Slammed for bribery, Siemens continued to ignore red flags
During their investigation, US and German authorities found over $1 billion of bribes paid to foreign government officials in return for business.
Risk & Compliance
German engineering giant Siemens ignored some of its own red flags for foreign bribery in the aftermath of a major corruption scandal in 2008, according to newly released reports by an independent monitor and other confidential documents.
The warnings involved the company’s use of third-party resellers, who have often served as conduits for bribing foreign officials, according to former company insiders and company internal assessments. Evidence from public records in China suggests that problems with resellers have continued during the pandemic, and resulted in the sale of medical equipment to Chinese state-owned hospitals at vastly inflated prices.
The monitoring reports, which Siemens was obliged to commission from 2009 to 2012, stem from a $1.6 billion landmark settlement of bribery charges by the US Department of Justice (DOJ) and the Securities and Exchange Commission (SEC) in 2008. During their investigation, US and German authorities found over $1 billion of bribes paid to foreign government officials in return for business, in what the SEC called a “systematic practice” spanning decades and virtually every region in which Siemens operated, violating the Foreign Corrupt Practices Act (FCPA). Siemens admitted to failures of internal controls and record-keeping.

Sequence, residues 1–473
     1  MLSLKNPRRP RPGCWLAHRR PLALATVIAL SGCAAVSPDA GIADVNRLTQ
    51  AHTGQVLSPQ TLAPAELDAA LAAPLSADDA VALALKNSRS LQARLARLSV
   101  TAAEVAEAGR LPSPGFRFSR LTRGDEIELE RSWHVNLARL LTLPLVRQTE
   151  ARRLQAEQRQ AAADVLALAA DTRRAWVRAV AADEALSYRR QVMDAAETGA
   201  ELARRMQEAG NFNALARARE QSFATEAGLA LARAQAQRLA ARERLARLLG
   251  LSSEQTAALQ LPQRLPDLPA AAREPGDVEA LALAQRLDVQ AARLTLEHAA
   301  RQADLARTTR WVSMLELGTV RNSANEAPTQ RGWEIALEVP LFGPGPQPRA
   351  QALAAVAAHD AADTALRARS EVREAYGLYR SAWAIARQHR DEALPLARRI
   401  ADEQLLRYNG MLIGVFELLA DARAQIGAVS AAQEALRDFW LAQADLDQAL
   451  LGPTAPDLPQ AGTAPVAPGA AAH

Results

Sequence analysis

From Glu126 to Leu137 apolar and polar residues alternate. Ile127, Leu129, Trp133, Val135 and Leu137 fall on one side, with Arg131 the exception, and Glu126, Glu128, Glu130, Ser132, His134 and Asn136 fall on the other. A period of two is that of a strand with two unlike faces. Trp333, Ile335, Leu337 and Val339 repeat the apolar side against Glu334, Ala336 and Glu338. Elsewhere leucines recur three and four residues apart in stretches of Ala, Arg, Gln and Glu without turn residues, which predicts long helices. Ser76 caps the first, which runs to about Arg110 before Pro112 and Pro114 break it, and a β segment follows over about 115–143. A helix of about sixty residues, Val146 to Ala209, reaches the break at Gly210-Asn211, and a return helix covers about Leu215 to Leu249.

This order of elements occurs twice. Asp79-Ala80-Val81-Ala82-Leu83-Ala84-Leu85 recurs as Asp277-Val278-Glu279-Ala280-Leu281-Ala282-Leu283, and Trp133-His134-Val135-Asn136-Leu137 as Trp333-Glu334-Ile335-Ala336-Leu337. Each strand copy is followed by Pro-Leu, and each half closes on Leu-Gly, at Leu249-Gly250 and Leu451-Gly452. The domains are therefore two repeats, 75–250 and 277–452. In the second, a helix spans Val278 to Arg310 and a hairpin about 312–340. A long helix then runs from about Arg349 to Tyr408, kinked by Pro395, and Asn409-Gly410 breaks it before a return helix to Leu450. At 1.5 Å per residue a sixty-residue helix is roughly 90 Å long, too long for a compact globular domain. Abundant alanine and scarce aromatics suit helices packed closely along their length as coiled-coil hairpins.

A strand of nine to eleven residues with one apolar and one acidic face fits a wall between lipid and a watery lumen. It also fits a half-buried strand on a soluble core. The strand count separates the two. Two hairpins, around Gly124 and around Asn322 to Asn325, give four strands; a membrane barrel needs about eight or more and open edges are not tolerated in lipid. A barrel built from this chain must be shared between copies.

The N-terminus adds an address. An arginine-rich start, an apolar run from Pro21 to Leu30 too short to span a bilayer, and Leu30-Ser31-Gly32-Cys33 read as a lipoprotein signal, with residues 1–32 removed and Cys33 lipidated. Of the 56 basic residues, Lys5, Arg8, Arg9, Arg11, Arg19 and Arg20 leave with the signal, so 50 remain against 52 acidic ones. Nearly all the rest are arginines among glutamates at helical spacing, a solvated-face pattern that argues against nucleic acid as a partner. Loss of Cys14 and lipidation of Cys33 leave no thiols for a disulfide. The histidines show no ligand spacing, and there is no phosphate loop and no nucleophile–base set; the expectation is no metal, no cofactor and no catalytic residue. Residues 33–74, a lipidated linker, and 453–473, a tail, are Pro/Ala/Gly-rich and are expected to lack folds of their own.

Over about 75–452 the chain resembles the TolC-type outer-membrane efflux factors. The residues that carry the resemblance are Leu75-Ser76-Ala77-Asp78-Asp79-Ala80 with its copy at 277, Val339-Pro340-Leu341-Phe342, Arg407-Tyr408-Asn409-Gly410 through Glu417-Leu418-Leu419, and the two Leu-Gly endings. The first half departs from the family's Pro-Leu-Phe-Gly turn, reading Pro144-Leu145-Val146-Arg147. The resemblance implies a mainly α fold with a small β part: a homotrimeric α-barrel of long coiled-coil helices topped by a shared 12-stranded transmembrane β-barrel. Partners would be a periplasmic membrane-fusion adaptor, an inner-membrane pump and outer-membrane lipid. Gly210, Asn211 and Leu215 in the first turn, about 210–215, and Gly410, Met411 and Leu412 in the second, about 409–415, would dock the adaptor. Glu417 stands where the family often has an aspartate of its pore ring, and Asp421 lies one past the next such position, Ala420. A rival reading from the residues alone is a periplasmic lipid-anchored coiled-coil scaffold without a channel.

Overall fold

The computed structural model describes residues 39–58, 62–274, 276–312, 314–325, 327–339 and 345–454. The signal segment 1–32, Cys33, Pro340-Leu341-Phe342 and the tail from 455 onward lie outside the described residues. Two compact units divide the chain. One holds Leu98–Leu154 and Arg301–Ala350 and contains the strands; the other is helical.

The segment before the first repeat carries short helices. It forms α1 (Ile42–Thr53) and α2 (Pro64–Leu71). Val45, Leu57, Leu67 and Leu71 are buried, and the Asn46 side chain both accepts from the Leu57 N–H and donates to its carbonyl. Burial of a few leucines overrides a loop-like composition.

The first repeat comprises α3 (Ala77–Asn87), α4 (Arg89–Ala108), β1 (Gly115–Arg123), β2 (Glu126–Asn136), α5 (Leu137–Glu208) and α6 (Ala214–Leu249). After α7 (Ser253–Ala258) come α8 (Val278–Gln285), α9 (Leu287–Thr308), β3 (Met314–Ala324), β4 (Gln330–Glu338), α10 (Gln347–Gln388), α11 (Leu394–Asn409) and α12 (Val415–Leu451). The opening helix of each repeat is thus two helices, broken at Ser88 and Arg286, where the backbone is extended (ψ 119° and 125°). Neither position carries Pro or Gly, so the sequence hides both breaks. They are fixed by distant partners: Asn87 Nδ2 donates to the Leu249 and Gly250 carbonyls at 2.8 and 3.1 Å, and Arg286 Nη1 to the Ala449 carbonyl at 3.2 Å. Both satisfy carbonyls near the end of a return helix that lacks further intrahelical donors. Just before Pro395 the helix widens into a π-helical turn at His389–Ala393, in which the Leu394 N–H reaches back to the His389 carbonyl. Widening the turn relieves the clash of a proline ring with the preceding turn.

The nonprofit news organization 100Reporters, represented by the law firm Davis Wright Tremaine, sued the Justice Department for the release of the monitoring reports under the Freedom of Information Act. The DOJ, Siemens, and its independent monitor, former German Finance Minister Theo Waigel, all fought to keep the contents of the monitoring reports secret, and despite the court-ordered release, much of the material remains cloaked behind heavy redactions
Waigel declined comment, saying he did not remember details of his monitorship. Nevertheless, Waigel has since gained a reputation in Germany as a compliance troubleshooter for major international corporations, partly as a result of his oversight at Siemens.
In a statement, Siemens said that the company has “an extensive global compliance program designed to prevent, identify, and eliminate corruption,” and that it was “making extensive efforts to identify and eliminate business practices that promote corruption (in China). This includes ending the use of sales partners and consultants in the event of misconduct.”
The appointment of Waigel, a highly-regarded figure in German government and business circles, reflected the importance of Siemens’ reputation and worldwide business to Germany’s political establishment.